QUOTE: My reading showed me that I had to answer two crucial questions before I went any further. First, did I believe it was possible to make myself happier? After all, the “set -point” theory holds that a person’s basic level of happiness doesn’t fluctuate much, except briefly. My conclusion: yes, it is possible. According to current research, in the determination of a person’s level of happiness, genetics accounts for about 50 percent; life circumstances, such as age, gender, ethnicity , marital status, income, health, occupation, and religious affiliation, account for about 10 to 20 percent; and the remainder is a product of how a person thinks and acts. In other words, people have an inborn disposition that’s set within a certain range, but they can boost themselves to the top of their happiness range or push themselves down to the bottom of their happiness range by their actions. This finding confirmed my own observations. It seems obvious that some people are more naturally ebullient or melancholic than others and that, at the same time, people’s decisions about how to live their lives also affect their happiness.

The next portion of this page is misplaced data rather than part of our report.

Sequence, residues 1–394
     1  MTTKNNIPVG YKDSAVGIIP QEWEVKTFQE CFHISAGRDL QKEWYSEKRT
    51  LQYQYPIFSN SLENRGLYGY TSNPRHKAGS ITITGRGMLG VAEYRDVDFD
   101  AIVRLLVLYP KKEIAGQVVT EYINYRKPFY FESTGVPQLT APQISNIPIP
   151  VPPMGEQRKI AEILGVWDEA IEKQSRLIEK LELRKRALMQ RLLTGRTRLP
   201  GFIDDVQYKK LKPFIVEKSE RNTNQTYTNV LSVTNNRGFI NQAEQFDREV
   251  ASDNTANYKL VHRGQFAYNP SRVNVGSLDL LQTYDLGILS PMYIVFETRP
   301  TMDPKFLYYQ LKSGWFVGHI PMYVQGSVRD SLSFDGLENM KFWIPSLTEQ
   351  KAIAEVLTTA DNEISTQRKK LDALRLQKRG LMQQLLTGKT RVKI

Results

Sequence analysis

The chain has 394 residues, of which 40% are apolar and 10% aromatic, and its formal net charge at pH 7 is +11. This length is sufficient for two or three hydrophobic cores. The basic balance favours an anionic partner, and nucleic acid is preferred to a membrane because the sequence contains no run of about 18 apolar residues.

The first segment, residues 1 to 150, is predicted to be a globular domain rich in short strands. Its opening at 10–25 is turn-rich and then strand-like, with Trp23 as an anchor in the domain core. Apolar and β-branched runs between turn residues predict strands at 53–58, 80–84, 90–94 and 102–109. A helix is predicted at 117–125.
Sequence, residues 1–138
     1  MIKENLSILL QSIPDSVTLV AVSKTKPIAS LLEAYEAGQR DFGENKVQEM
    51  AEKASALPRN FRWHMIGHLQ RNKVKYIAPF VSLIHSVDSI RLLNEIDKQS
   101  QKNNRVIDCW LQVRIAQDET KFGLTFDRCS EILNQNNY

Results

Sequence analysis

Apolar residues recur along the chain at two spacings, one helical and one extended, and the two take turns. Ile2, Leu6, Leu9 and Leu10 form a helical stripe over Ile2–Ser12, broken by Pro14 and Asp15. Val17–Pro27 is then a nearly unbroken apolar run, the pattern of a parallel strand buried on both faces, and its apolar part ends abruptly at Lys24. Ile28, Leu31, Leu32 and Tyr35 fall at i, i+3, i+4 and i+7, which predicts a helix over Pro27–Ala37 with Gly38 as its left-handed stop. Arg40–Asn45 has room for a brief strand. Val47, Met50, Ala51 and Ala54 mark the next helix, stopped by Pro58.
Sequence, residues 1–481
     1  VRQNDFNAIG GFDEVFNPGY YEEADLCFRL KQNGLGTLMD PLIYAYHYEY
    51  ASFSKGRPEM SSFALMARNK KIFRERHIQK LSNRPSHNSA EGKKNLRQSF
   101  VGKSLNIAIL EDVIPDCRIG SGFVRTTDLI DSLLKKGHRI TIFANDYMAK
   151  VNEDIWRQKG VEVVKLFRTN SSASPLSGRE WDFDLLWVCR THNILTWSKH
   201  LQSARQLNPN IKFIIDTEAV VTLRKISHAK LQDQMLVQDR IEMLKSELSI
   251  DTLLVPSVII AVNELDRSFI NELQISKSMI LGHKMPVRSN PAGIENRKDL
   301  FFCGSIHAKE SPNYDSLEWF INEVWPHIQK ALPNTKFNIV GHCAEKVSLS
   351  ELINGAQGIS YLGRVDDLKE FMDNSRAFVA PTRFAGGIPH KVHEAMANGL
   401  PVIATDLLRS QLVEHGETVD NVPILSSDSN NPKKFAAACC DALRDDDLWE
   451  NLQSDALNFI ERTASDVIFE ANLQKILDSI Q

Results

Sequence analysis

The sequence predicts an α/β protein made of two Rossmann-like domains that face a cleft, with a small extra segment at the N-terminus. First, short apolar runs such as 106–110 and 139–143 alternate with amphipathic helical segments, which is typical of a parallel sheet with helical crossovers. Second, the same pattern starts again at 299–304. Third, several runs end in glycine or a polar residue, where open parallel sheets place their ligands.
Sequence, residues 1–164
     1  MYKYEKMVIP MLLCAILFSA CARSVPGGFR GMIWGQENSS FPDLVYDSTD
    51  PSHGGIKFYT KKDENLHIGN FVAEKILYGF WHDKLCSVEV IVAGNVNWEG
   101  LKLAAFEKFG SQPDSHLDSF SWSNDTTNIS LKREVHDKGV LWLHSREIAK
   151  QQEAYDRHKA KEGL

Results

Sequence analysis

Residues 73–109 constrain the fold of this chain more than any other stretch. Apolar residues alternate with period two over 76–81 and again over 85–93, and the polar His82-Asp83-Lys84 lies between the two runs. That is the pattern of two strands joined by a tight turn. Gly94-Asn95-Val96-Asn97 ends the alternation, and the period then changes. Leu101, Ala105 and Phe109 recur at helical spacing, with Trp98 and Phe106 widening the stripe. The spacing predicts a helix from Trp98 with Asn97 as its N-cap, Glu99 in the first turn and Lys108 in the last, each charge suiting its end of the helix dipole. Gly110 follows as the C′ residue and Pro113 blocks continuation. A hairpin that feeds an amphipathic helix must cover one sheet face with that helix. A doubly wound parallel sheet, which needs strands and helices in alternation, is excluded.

What gets your attention?
What human needs or problems relate to the quote?
What is it like to have that problem?
What other resources connect to this idea?
What is the solution suggested in the quote, if there is one?
What would a camera see if the solution was implemented in my life, in my family’s life, or in my church or community?
What are the steps that I would take on Monday to implement that solution?
What does this say to my context as a …
… follower of Jesus?
… to a church?
… to a community – my neighbors?
The quote is from The Happiness Project: Or, Why I Spent a Year Trying to Sing in the Morning, Clean My Closets, Fight Right, Read Aristotle, and Generally Have More Fun by Gretchen Rubin, located at page